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How Dirty Is Your Spectrum?

Above is the inside of a Sinclair ZX Spectrum +2 that I bought online. This is one of the models that Amstrad produced when Alan Sugar bought the Sinclair computer brand from Clive Sinclair. It is a later issue 4, also known as the +2B.

The ad for the computer did not have photos of the inside! I would describe it as an insect zoo. The other machine from the same supplier was not as bad, but it was still pretty bad.

It is the worst example of a machine that was not looked after by its previous owners. Many others that I get hold of, are in much better condition, and some are in near mint condition. The condition of a Spectrum is a major factor on the price, as well as whether it is fully working or not.

It is testament to the quality of manufacture by Amstrad that this filthy machine, when cleaned up, worked! It did take a lot of work though!

I now use this machine as a test machine, and have fully cleaned it up and fully tested it, with repaired tape drive and fully repaired and cleaned keyboard.

  • How dirty is your Spectrum?
  • What is the worst condition that you have seen one in?
  • Was it worse than the Spectrum above?
  • Did it still work?

Tell me in the comments below or get in touch at the contact details here!

I always try and test the computers that I buy, fix them and in some cases, fully refurbish them. That depends on what my customers want.

I sell them with accurate descriptions, as much as is possible.

If there are still any outstanding issues, I list them, so that my customers know in advance of buying. Many online sellers are not so honest.

If there are then any problems, all I ask is that they contact me to rectify them problems first.

Get in touch at the Contact details here. I will happily sell you parts or whole machines, or anything else Spectrum that you are looking for – games, joysticks, replacement cases, replacement keys, and so on. Just ask and I will check my stock.

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Refurbishment and Upgrade of A 16k Rubber Key Sinclair ZX Spectrum

Above is a Sinclair ZX Spectrum. It is a 16k version, with the rubber keys. This Spectrum has an Issue 2 board that was manufactured in 1983 here in the UK. The board came to me in a bad way, and I have spent considerable time repairing, refurbishing and now upgrading it to the full 48k of memory. In the early days of the Spectrum, there were both 16k and 48k versions produced. You could then get them upgraded.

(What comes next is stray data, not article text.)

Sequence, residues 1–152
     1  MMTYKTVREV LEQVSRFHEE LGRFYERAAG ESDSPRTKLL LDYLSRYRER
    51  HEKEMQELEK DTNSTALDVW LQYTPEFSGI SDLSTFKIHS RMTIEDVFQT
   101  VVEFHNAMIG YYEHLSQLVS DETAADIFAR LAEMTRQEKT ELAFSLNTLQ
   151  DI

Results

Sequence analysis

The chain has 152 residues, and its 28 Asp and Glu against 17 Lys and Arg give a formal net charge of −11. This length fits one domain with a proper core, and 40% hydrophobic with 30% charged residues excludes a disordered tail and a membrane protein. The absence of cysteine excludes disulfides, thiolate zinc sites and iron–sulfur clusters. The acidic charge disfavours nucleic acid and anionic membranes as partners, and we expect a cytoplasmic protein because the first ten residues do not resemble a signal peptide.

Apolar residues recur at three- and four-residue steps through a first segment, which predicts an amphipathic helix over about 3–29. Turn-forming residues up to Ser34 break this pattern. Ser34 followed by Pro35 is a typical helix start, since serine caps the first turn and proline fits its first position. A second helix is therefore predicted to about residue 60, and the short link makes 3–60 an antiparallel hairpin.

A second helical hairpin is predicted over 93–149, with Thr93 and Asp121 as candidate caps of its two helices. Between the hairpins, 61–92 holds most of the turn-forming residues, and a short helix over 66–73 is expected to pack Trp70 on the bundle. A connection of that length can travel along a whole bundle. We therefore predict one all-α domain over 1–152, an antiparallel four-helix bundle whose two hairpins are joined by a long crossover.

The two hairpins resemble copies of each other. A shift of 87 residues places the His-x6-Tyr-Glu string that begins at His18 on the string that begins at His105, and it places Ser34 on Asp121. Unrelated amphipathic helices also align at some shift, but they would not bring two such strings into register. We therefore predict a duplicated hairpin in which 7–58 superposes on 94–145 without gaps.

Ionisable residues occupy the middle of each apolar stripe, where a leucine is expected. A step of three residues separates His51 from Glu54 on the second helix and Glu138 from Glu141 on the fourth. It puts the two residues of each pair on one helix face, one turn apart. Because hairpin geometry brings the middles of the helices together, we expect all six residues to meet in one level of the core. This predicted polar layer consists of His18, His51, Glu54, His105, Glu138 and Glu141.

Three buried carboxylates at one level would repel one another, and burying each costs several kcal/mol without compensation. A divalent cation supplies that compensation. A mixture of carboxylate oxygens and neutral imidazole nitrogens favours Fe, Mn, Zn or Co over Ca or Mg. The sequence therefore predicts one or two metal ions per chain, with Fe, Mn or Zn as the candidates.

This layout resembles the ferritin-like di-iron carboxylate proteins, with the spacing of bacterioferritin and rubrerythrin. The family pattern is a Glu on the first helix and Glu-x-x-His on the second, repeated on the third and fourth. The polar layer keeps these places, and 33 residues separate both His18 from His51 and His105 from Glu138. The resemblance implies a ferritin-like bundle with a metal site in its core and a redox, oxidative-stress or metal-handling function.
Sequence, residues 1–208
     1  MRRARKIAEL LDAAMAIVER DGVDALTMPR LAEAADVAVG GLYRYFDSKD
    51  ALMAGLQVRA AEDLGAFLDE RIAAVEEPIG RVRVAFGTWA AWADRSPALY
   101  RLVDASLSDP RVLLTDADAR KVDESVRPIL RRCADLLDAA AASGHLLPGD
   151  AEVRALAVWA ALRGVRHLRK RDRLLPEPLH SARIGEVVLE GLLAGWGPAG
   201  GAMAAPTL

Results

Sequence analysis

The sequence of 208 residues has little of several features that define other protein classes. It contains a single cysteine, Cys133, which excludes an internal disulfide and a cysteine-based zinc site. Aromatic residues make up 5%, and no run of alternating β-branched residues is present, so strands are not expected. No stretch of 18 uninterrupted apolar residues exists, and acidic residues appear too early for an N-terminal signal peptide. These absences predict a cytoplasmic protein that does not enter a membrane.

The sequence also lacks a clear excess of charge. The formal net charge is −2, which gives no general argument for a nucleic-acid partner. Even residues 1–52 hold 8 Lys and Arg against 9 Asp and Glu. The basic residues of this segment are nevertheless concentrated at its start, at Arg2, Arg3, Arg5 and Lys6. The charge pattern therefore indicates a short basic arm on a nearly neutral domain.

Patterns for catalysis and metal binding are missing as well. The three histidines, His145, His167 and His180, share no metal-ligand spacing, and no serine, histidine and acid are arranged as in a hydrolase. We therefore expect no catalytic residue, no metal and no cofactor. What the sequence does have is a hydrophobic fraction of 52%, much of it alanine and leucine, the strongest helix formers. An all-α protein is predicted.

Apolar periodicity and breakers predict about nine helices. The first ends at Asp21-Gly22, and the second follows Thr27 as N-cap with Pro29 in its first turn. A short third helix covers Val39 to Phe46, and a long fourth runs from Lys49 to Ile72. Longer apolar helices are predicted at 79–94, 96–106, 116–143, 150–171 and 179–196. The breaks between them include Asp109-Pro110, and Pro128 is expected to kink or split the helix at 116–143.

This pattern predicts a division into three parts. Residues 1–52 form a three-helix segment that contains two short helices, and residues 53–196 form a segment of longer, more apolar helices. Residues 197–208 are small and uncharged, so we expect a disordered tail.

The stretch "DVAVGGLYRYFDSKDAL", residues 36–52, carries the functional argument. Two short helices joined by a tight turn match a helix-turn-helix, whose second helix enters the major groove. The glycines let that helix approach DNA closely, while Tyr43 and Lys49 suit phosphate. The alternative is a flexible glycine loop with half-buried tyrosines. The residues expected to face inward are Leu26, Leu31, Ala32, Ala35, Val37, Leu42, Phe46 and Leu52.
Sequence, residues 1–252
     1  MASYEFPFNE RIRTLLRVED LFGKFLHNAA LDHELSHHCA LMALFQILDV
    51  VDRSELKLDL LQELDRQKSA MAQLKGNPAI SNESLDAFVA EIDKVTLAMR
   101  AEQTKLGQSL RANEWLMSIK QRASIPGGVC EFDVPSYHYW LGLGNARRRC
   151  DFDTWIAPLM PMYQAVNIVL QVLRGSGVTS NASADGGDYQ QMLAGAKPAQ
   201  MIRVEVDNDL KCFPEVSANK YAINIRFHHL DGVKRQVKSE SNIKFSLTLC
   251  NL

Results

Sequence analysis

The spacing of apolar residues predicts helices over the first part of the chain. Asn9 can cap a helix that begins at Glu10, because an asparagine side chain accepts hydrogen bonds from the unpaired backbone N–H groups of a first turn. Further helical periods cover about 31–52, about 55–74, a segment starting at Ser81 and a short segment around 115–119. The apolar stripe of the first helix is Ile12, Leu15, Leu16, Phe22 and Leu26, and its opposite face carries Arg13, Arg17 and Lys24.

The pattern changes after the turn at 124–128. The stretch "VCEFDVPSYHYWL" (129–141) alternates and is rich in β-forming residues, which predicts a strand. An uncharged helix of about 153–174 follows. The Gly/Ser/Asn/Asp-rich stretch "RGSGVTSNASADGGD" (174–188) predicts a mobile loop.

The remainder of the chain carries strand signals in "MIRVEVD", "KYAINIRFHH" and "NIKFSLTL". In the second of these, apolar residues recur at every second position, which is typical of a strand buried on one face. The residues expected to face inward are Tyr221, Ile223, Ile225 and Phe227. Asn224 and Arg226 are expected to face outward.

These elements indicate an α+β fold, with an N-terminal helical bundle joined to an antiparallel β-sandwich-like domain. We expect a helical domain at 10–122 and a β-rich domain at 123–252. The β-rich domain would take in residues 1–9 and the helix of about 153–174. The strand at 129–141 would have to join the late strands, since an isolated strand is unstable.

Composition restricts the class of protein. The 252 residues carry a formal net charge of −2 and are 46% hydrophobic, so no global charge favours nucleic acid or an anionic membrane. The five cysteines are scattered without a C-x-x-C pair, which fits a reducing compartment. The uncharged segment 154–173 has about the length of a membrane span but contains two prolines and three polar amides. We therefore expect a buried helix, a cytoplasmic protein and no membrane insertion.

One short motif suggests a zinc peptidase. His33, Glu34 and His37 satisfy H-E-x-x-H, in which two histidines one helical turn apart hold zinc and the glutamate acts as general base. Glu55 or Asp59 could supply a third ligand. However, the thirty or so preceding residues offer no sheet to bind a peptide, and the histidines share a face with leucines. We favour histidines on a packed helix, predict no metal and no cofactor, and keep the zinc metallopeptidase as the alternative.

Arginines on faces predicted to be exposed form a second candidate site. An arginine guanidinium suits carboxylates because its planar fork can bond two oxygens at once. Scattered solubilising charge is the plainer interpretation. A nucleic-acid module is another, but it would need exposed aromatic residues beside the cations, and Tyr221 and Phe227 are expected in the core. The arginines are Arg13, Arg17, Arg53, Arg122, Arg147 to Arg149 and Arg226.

So for decades, this machine had remained a 16k. So I had a good play with the 16k games like Jetpac and Artic Galaxians after refurbishing it, but I could not play the 48k games until I had done the upgrade.

I took the 16k Sinclair ZX Spectrum to my workbench. The refurbishment has:

  • replaced the old case with one in good condition
  • replaced the keyboard membrane with a brand new one. The original membranes dry out over time with age and heat. It has been nearly forty years since this Spectrum was made, so the original was not working.
  • composite video modification for composite video output instead of old analogue UHF radio wave output on Channel 36
  • “tuning” in of the video output using the trimmers on the board, to give a vibrant picture with bright colours on the composite output
  • new shiny modulator case for cosmetic use mainly now after the composite video mod
  • heatsink and voltage regulator removed and replaced with modern “cool running” regulator
  • all electrolytic capacitors replaced with high-quality Vishay and in similar blue to originals. Over time, with heat and with age, these decay and can damage other components if they go bad,
  • foam to protect the new keyboard membrane,
  • replaced the ULA with the best ULA for an Issue 2 fitted,
  • mandatory modifications made to DC-DC converter circuit. This improves reliability of the notoriously unreliable circuit that produces the voltages for the different components on the board.

Above is the 16k Spectrum after it has been upgraded to 48k. This involves adding the extra RAM chips and some logic chips and adding a link to make sure that the upper RAM is used. I also had to replace one of the IC sockets. I checked the levels on the board with a meter before powering it up. Then I fully tested the machine using a Diagnostic ROM. All tests passed! So I decided to load Mikie, a 48k game, for a quick go!

SUCCESS! And I got further in the game than I had ever done before – level four I think it was! It is a great game, written by the legendary programmer Jonathan (Joffa) Smith. Sadly Joffa is no longer with us, but he produced some superb games, mainly for Ocean and Imagine – Hyper Sports and Green Beret being two of my favourites. How Joffa managed the technical feats of making the humble Spectrum do what he did, was amazing.

So I now have another fully working, refurbished, 48k rubber key Spectrum!

I am regularly selling Spectrums and when this website is fully up and running, you will be able to buy them here!

Get in touch and let me know what you are looking for – I am always happy to put a custom bundle together for you. I have many happy customers who are happy to endorse my work, as shown on this website.